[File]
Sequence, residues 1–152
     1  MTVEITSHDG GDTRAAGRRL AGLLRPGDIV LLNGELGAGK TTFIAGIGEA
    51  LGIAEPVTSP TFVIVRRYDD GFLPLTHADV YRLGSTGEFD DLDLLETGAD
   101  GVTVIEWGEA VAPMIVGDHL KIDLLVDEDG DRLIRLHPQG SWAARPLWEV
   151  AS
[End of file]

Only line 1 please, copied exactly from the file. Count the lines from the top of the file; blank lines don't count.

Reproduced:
Sequence, residues 1–152